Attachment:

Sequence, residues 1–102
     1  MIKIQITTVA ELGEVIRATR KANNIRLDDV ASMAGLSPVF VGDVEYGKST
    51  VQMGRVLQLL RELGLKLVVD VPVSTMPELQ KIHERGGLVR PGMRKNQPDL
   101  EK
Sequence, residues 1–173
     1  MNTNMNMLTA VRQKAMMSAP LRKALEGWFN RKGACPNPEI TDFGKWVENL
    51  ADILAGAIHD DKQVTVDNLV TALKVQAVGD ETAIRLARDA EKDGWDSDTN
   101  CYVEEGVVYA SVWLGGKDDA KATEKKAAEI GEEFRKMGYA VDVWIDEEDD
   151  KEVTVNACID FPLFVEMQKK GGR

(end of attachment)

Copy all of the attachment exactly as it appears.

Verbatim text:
Sequence, residues 1–102
     1  MIKIQITTVA ELGEVIRATR KANNIRLDDV ASMAGLSPVF VGDVEYGKST
    51  VQMGRVLQLL RELGLKLVVD VPVSTMPELQ KIHERGGLVR PGMRKNQPDL
   101  EK
Sequence, residues 1–173
     1  MNTNMNMLTA VRQKAMMSAP LRKALEGWFN RKGACPNPEI TDFGKWVENL
    51  ADILAGAIHD DKQVTVDNLV TALKVQAVGD ETAIRLARDA EKDGWDSDTN
   101  CYVEEGVVYA SVWLGGKDDA KATEKKAAEI GEEFRKMGYA VDVWIDEEDD
   151  KEVTVNACID FPLFVEMQKK GGR